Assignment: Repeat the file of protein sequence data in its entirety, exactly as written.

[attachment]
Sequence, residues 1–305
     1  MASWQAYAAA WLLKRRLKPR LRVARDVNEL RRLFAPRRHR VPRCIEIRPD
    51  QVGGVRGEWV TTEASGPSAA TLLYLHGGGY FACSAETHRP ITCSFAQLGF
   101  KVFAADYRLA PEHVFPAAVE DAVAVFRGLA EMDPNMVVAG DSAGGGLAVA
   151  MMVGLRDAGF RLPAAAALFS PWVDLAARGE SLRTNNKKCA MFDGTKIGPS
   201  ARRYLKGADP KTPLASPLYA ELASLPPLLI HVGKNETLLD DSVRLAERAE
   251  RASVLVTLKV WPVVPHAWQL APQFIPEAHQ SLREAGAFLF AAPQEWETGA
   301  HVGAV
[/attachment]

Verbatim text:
Sequence, residues 1–305
     1  MASWQAYAAA WLLKRRLKPR LRVARDVNEL RRLFAPRRHR VPRCIEIRPD
    51  QVGGVRGEWV TTEASGPSAA TLLYLHGGGY FACSAETHRP ITCSFAQLGF
   101  KVFAADYRLA PEHVFPAAVE DAVAVFRGLA EMDPNMVVAG DSAGGGLAVA
   151  MMVGLRDAGF RLPAAAALFS PWVDLAARGE SLRTNNKKCA MFDGTKIGPS
   201  ARRYLKGADP KTPLASPLYA ELASLPPLLI HVGKNETLLD DSVRLAERAE
   251  RASVLVTLKV WPVVPHAWQL APQFIPEAHQ SLREAGAFLF AAPQEWETGA
   301  HVGAV